cloud repatriation

When does a workload need cloud repatriation?

There are many elements determining whether a workload needs cloud repatriation or it can stay where it is. It largely depends on the type of workload, the applications, its users, and several other factors. A small business just starting can, in most cases, take full advantage of the instant availability and elasticity of the public cloud environment. At this phase, the public cloud is also the most accessible price-wise.

What needs to be understood is that workloads are constantly changing, redefining what the “optimal solution” is at a given time. However, there’s one fundamental reference when thinking about going for cloud repatriation: whether or not performance is impacted if the workload stays in the cloud.

Replicated cloud infrastructures don’t always hold up to expectations

The problem with the public cloud is that it’s not tailor-made to accommodate specific workloads. It is a service with rather fixed parameters. As a result, there is no assurance that the environment will be suitable for the workload’s latency requirements, for example.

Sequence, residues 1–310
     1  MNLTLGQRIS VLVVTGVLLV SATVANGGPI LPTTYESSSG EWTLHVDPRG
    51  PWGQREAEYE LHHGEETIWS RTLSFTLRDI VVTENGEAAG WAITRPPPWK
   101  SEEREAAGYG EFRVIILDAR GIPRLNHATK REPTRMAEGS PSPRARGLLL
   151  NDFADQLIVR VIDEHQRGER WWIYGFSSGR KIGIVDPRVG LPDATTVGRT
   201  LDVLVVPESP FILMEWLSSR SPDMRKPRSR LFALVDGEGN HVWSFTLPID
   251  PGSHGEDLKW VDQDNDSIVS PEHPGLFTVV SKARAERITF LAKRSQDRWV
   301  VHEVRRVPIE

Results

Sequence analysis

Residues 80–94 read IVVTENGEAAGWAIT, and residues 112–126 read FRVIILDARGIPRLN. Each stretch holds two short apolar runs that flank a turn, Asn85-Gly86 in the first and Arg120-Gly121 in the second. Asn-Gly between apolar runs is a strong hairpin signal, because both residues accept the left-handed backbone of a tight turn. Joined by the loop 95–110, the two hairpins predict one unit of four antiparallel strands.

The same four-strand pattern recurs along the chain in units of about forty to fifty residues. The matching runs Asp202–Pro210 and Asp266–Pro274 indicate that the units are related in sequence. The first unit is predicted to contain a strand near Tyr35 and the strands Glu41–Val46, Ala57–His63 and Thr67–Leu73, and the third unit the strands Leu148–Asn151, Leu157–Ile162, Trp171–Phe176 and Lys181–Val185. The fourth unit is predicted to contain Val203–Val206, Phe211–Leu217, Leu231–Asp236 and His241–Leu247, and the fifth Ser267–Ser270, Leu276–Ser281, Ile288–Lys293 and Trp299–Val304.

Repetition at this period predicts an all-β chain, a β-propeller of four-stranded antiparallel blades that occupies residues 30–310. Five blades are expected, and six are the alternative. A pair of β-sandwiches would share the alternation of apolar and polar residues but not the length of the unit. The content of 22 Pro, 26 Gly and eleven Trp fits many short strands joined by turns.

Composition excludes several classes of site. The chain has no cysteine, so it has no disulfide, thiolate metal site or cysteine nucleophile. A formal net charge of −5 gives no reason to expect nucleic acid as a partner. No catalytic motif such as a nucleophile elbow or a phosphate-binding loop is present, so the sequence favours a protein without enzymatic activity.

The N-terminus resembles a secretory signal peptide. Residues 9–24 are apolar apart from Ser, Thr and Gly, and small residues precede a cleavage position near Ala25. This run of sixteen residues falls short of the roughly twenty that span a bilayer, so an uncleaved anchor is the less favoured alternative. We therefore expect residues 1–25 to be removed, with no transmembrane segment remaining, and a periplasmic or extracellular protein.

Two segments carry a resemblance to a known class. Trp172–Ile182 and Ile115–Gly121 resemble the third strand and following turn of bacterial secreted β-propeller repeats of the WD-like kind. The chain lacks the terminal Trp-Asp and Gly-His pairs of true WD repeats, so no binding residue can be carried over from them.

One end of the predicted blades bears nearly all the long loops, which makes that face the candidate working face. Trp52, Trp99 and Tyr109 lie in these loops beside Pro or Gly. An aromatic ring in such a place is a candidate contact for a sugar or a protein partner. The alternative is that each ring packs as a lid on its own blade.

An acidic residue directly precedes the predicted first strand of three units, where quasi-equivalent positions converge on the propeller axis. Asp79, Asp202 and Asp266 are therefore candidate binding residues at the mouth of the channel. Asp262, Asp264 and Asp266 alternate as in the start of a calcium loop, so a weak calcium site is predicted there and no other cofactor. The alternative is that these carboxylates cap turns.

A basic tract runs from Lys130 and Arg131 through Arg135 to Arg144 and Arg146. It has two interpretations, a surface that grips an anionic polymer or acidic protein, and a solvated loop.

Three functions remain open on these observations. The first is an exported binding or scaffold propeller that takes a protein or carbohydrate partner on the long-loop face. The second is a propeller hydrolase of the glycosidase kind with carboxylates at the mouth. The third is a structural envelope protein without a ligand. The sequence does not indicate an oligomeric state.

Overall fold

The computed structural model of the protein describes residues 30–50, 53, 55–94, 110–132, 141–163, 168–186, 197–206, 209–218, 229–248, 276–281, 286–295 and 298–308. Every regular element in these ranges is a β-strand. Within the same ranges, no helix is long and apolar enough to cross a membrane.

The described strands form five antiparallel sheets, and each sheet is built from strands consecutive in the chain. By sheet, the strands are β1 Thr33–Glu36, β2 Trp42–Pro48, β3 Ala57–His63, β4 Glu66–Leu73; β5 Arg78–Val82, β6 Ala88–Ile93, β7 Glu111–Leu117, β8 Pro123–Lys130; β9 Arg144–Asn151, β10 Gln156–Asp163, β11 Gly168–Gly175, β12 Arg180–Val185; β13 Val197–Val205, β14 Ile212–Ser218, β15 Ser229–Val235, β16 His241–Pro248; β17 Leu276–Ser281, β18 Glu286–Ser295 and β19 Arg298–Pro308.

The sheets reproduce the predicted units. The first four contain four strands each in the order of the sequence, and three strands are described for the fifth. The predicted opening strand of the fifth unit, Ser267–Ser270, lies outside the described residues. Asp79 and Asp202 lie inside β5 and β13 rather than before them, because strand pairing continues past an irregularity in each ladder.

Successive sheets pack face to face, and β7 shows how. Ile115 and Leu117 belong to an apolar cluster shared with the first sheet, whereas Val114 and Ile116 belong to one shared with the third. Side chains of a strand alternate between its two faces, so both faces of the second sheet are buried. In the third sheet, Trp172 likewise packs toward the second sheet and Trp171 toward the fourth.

Many companies migrating to the public cloud do this to take advantage of the cloud’s easy scalability. However, sometimes a workload doesn’t grow at the expected pace, or it changes and doesn’t require that much flexibility for scaling anymore. In that case, cloud repatriation is a good choice, considering the lower cost of keeping those workloads on-premises.

Changing business dynamics drive cloud repatriation tendencies

Over time, the purpose and use of a workload can change dramatically. A workload can no longer require scalability and expensive, rented computing power. In this case, a company can and should decide to withdraw the workload from the cloud to colocation or on-premises. Cloud repatriation can be the solution when workloads or sets of data become unnecessary.

Additionally, many business decisions and changes can influence cloud repatriation. Collaborations or merging businesses are typical situations when aligning approaches becomes important, and oftentimes, cloud repatriation is the solution.


Cloud repatriation can be the right solution in many cases; however, it’s important to understand that bringing the workload home can be just as complicated of a procedure as the initial migration. However, in the long run, cost savings, security, and reliable performance win. The key is to know when a company can benefit from the public cloud and when it’s time to move on.

Got questions? Want to talk specifics? That’s what we’re here for.

Interested in cloud repatriation trends? Discover how Volico Data Centers Colocation facilities and services can help you with flexible and efficient alternatives to public cloud environments.